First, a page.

Dish Network Boss Accused of a Fast One

     LAS VEGAS (CN) - Dish Network's executive chairman bought a bankrupt company's assets with his own money and sold it to Dish for hundreds of millions of dollars in profit, Dish stockholders claim in a derivative complaint.
     DCM Multi-Manager Fund sued Dish Chairman Charles W. Ergen, who owns 88 percent of the voting shares of company, in Clark County Court. Also sued are his wife Cantey M. Ergen, Dish Network Corp. and six members of the Dish.
     "This action involves an egregious conflict of interest in which the executive chairman and largest stockholder of Dish purchased a certain asset, and the convincing his company to buy that asset for a higher price, thereby setting himself up to make hundreds of millions of dollars in profit," the complaint states.
     It claims that Ergen purchased LightSquared debt with his own money, at a discount, during LightSquared's bankruptcy. "Then Ergen, who has the power to control the board with his approximately 88.0% percent of the total voting power of the company, intentionally caused Dish to put in a bid to buy LightSquared out of bankruptcy. This is where the conflict arises. The more Dish pays for LightSquared, the more money Ergen makes on the sale the of LightSquared debt that he has acquired because he is a creditor of LightSquared."
     LightSquared is a communications and broadband service provider that offers satellite-based mobile voice and data products. It leases a spectrum from the Federal Communications Commission.
     LightSquared lost money when the FCC proposed suspending its authorization to build a new network that would extend its coverage to 260 million people. The FCC objected to the way LightSquared was being managed by its corporate parent, Harbinger Capital Partners, and its controlling partner, Phillip Falcone, according to the complaint. The SEC charged Falcone with securities fraud in 2012 and he was banned from the securities industry for 5 years, and he and Harbinger were fined millions of dollars "for their manipulation of the securities markets," according to the lawsuit.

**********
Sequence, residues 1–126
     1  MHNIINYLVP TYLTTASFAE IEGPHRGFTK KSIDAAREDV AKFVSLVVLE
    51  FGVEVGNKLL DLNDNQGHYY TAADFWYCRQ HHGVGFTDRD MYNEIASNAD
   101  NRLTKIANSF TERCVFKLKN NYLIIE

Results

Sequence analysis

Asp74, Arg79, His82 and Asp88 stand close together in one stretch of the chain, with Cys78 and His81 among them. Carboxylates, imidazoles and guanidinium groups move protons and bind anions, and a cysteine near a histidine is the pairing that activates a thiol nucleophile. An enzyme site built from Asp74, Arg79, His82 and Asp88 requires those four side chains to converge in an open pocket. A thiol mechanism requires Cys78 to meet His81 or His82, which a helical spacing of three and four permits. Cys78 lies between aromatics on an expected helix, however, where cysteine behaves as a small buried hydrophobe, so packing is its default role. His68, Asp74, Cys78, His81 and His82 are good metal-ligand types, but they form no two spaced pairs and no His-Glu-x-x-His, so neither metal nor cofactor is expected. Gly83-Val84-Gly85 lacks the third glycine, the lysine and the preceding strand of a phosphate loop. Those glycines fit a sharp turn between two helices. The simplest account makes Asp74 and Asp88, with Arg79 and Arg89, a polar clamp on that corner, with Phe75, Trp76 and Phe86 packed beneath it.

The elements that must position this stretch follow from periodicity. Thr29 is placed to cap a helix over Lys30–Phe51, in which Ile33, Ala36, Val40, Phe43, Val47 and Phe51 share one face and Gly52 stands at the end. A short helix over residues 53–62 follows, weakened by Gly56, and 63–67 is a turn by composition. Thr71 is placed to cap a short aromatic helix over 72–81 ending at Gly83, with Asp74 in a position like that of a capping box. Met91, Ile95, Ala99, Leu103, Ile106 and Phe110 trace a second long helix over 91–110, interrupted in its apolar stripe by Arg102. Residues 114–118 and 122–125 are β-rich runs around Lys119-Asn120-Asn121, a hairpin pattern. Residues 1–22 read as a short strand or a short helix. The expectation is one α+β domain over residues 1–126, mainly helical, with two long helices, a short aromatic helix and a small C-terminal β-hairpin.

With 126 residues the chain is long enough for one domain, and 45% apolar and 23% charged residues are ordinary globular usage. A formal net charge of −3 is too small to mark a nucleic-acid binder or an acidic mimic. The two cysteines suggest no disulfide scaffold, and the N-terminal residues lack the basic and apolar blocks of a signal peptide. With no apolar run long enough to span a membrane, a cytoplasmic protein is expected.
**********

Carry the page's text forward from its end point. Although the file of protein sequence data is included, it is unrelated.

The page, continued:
DCM claims that Ergen saw LightSquared was headed for bankruptcy and bought its spectrum with his own money for $1 billion, in anticipation of having Dish buy it from him later.
     On July 13 this year, Dish announced its plan to buy LightSquared for $2.2 billion, according to the complaint.
     "As most companies would, when faced with a conflicted transaction, a special committee (the 'Special Committee') of purportedly independent directors was set up to evaluate the deal," the complaint states. "However, the Special Committee was abruptly disbanded shortly after its formation. Two days after the Special Committee was broken up, Dish publicly announced its bid to acquire LightSquared. Then, two days the announcement, one of the two Special Committee members, who was a nearly eight-year veteran of the board, abruptly resigned amid a disagreement over the company's handling of the bid for LightSquared.
     "Defendants' intentional misconduct has caused and will continue to cause serious damage to Dish and its public stockholders. Defendants' intentional misconduct shows that they have scant regard for the interests of Dish and its minority stockholders, and instead operate the company to favor the interests of its controlling stockholder, Ergen. In authorizing the bid for LightSquared, each of the defendants intentionally violated and continues to violate applicable law by directly breaching the remaining defendants' breaches of their fiduciary duties."
     DCM seeks damages for breach of fiduciary duty, disgorgement, restitution and costs.
     It is represented by G. Mark Albright, with Albright, Stoddard, Warnick & Albright.